Following on from the impact of the COVID-19 pandemic, office life has changed beyond measure and if you’re a Personal Assistant, Executive Assistant or Business Support Professional; then more may have changed for you than for most.
Business etiquette pre pandemic meant face to face meetings, private dining events post business meetings, hallway conversations with colleagues and when it came to the hiring process; in person interviews and an intensive onboarding strategy to not only induct people into the business but into the role as well.
Gone are those days and to survive we must adapt and thrive in a new world without fear of failure or the fear of the unknown. We must optimise our ability to stay resilient and resourceful and be more proactive than ever, traits that become particularly important when we’re onboarding a new staff member or going through that process ourselves as a new starter.
In true Assistant Room style and harking back to a 2016 motto from our Founder Jess, The Assistant Room was/is a platform created for PAs by PAs and so we reached out to three successful Business Support professionals for their take on how to successfully onboard virtually as an assistant. Through their own recent experiences of either joining a new business, onboarding staff or both; here’s a crash course to making a daunting process much easier, more enjoyable and less emotionally draining…
Jessica Moretti, EA to CEO at Project Etopia
Little but often goes a long way
Every Executive Assistant will have a good sense of emotional intelligence and within days of working alongside their boss and colleagues, the mental notes of every discussion, facial expressions and mood will have built up enough to know roughly what is what. Working remotely however can add an extra layer of challenges. Normally in the office you can determine if your boss is overwhelmed and in need of a calming influence. My way of overcoming this within the first few weeks was to have frequent quick catch ups.
It’s a marathon not a sprint
I was in my previous role for 10 years. I could do it with my eyes closed and knew everything and everyone. I then started a new role in which I was so eager to please and almost subconsciously was trying to recreate what I had previously into this role. I put an enormous amount of pressure on myself and set myself high expectations and punished myself for making any mistakes. By the first week, when the C-Suite told me how happy they were, I let out a little tear of relief. Luckily, I have bosses that are very appreciative and reminded me, it was my first week and not to take on too much.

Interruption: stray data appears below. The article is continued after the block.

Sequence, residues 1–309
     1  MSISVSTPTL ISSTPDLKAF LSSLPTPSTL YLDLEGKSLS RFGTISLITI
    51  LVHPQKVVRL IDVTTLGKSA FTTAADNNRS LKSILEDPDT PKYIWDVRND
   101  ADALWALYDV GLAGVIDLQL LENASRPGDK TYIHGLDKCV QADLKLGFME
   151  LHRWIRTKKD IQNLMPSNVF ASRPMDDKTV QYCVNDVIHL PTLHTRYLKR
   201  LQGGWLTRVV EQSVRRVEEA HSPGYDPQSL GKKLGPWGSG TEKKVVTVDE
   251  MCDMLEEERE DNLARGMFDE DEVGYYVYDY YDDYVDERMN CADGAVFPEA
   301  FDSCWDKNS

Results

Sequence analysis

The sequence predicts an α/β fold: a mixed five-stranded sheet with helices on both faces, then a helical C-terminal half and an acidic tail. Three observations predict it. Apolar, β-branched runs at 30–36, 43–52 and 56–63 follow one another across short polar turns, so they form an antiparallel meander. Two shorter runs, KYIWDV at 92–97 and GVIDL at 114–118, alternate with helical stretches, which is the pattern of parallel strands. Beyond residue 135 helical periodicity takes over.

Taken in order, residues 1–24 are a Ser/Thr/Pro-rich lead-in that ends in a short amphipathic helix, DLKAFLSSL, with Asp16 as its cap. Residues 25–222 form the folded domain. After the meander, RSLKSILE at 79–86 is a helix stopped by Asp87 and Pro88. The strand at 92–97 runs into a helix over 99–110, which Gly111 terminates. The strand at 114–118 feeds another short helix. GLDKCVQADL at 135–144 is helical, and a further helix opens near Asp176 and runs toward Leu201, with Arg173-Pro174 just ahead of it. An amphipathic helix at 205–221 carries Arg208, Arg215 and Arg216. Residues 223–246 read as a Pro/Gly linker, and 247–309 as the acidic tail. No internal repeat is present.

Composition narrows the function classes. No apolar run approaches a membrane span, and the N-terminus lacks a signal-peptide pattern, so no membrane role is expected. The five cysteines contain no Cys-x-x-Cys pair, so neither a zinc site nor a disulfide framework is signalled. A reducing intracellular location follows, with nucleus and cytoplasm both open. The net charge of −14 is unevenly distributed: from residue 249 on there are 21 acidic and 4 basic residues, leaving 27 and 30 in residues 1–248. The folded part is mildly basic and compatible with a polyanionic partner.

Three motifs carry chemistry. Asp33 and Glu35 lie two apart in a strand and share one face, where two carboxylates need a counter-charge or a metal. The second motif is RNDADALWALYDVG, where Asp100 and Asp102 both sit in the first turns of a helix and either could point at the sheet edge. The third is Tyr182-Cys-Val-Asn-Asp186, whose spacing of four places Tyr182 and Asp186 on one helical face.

The second and third week, I had to remind myself, this is a marathon not a sprint, ask questions, be observant where you can and ask for help if needed. It’s what I did on my first day with my previous role so why should it be any different now.
Another challenge we are all facing is the need for ‘normal’. Where I would normally go out for coffee or have a drink after work with my new colleagues, I needed to re-create that human connection. Instead of writing a quick email, I picked up the video chat function on Microsoft Teams and just spending a few extra minutes to check-in and get to know as many people as I could was such a great way of creating those connections virtually. Eventually we got round to talking about the task at hand!
In any job, it is also important to outline your work/ life structure. Now I was in a new job, I could start fresh from the beginning and set the standards not only for my boss, but for me. For most Executive Assistants, a work/life balance can be so difficult as we are juggling so much which can disrupt our personal time. For me, being honest and voicing when I was ‘offline’ was important for setting boundaries. Simple communication and just a quick WhatsApp saying “I’m going for a walk to clear my head, if you need me, I will be back at X” or “I’m signing off, speak in the morning”. I won’t be doing this forever, but it just gives your new boss a view into how you structure your day as well as help them create a healthy boundary. Of course they know you can always be reached in an emergency.
Kelsea Lindsey, EA at Intuit
During the pandemic, I have been subject to virtual onboarding as well as onboarding others virtually. Here are my top tips to successful onboarding, whether you are the one being onboarded or you are onboarding new starters virtually: